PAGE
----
Stafford sentenced Visyak to 90 days in jail and three years of probation.

Riverside County released him from confinement after nine days, according to jail records.

Visyak declined to comment.

In court, his attorney said Visyak had "changed his ways." He added that Visyak "has been employed by Cal Fire, and he's been offered future employment by Cal Fire."

Cal Fire's hiring and promotion practices have faced scrutiny from lawmakers since a former Cal Fire battalion chief murdered his mistress in 2014. This year, the department is creating a new office that is charged in part with improving background checks for promotions, as well as with educating firefighters about professional standards.

Upton of Cal Fire said Visyak was not offered a job again because of those changes. The department a year ago created a centralized hiring review process that checks references before hiring someone.

"This case is just an example of that process at work," she said.

Visyak's first arrest for impersonating a firefighter prompted the San Bernardino Police Department to issue a news release in March 2012 reporting that he had used stolen badges to gain the trust of women he later robbed. In one instance, police said he refused to leave a woman's car until he'd stolen her wallet. In another, he stole items from a woman's purse after she fell asleep at a hotel.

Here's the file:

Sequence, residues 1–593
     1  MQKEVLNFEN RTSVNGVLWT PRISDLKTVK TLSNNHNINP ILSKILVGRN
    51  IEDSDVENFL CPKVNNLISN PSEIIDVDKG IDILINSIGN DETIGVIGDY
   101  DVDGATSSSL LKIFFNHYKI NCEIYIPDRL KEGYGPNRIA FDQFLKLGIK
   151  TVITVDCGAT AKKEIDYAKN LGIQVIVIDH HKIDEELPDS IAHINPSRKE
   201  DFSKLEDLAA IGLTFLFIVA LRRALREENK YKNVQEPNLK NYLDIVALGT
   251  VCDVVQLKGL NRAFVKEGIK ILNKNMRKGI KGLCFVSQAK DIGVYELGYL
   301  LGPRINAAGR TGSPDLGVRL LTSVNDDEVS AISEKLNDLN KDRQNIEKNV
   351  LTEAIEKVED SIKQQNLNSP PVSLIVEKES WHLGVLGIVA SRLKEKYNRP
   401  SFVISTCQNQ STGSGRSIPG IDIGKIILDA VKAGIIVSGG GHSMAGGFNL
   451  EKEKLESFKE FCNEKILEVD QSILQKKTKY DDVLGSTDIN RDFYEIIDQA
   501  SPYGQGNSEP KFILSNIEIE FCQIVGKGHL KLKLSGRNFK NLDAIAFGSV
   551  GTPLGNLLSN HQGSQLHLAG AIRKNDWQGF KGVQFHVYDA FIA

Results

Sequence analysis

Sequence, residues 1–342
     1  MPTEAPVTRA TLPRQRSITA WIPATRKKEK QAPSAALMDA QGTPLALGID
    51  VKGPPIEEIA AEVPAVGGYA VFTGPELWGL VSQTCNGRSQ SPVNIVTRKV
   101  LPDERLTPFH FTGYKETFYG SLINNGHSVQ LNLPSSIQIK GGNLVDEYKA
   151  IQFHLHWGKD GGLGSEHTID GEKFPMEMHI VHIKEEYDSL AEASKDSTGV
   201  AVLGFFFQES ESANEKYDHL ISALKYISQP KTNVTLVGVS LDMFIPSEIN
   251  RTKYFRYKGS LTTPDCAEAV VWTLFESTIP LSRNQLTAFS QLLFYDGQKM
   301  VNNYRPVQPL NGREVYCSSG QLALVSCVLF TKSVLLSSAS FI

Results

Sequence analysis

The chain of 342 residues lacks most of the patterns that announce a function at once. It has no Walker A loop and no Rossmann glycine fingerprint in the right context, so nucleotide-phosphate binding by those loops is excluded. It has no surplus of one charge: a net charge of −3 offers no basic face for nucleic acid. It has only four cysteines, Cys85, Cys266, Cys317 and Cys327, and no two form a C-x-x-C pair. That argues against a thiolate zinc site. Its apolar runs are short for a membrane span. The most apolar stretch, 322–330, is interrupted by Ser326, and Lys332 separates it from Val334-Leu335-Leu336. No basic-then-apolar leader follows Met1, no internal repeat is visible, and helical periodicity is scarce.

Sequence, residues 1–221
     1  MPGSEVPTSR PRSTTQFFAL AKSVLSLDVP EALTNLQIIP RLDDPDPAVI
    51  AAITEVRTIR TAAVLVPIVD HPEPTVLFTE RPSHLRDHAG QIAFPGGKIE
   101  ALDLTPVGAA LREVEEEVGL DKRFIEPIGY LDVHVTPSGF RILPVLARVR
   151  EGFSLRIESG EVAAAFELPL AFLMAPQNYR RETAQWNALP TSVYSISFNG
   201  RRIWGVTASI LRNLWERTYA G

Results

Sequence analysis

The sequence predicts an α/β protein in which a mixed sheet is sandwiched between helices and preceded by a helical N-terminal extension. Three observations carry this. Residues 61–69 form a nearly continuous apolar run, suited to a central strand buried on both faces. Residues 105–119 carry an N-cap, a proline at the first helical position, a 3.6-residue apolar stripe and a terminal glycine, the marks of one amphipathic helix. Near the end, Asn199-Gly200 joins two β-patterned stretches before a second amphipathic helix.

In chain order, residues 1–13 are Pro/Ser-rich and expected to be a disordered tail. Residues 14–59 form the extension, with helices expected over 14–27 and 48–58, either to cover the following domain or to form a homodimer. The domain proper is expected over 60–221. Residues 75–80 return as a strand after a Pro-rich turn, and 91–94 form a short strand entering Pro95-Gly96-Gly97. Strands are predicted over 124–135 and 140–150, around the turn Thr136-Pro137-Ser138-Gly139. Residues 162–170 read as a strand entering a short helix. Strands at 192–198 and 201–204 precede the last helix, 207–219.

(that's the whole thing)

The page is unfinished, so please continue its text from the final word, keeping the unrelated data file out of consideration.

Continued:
In October 2012, Visyak pleaded guilty to one count of impersonating a firefighter and three counts of burglary. He was ordered to pay restitution to his victims, serve 180 days in jail and 36 months of probation. His jail time was suspended because of medical issues he was experiencing, according to court records.

In 2014, Cal Fire hired Visyak as a temporary forestry aide. State salary records show he earned about $14,000 in that assignment. Forestry aides assist in planning for timber harvests, perform some campground maintenance and work in nurseries. He later told a Cal Fire investigator he worked six months that year in that position.

In December of that year, a Riverside County sheriff's deputy pulled over Visyak on suspicion of driving while under the influence of alcohol. Visyak told the deputy that he was an unemployed seasonal firefighter and asked for leniency, according to court records.